they're all light, they don't break with excessive frequency, there is a variety of geometries available, and there exist legitimate warrantees.

they can't all be kink fiends.

Jeff said...

UK bike Co's new frame looks... Interesting. Tiny short seat tube, seat post clamp in the top tube and 3.5 pounds of steel. Here's a link with more info. http://www.bmx-forum.com/showthread.php?t=115485

Smitty said...

A lifetime guarantee on a 3.5 lb frame? How's that work? If you lose your life on this frame, we'll get you a new one?

daz. said...

I think the next lot of 'innovation' that we'll see in bmx frames is going to come through material science - there's going to be more effort being put into the actual methods of manufacture and in things like heat treatment.

Anonymous said...

I think theres a fine line to be found in going too light and it will be crossed in 2009 by someone. What else is there to gain in going lighter than making you a total weak pussy. I miss the days when everyones forearms compared to Troy Mcmurray and bmx riders were just as tough as their bikes. 2009= year of the pussy

bobby p said...

if 2009 is the year of the pussy, im pretty sure that 70% of all bmxers are starting out the year about 6 months too early.

Russ said...

I don't care how you heat-treat steel and how unbreakable it is, when it gets to a certain thinness, it's going to dent no matter what. Which will weaken the frame.

Sure, you could move to aluminum alloys or titanium, I suppose, but then frames will get awfully expensive. How light do you want to go, and how much are you willing to spend to get there?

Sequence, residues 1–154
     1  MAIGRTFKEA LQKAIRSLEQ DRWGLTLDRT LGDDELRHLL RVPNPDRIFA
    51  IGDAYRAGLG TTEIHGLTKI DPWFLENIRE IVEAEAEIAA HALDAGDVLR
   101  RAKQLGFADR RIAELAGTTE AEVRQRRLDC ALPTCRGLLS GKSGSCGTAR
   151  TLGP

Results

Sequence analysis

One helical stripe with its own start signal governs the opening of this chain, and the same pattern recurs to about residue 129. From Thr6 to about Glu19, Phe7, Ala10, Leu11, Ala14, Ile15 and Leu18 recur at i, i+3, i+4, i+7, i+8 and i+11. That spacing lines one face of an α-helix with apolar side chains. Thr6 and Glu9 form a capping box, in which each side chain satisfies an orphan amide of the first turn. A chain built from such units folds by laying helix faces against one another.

Anonymous said...

why shouldn't bike frames become more like skate decks? the functional geometry has been pretty much nailed now

I'm pretty sure a 3.5lbs frame will flex like fuck though

Anonymous said...

"I was entertained by them being "so happy with how it handles" since it's just another 74.5/71/13.75" frame. Um, so, like nearly every other frame on the market?"

In fairness to BSD, even frames with the same geometry can ride differently, just due to the distribution of weight in the frame from how it's been made (Like a frame with butted tubing in the rear triangle would have a slightly front heavier feel if it was all straight gauge tubing elsewhere), so it's legit that they might be 'happy with how it rides'? It's also ironic that you mention Sunday, seeing as all their frames (so far) have featured stock BMX geometry. I was really hoping with the Ian Schwartz signature frame they might've mixed it up a bit, but it appears that that's only going to happen to a minor extent with the 'Funday' frame.

Anonymous said...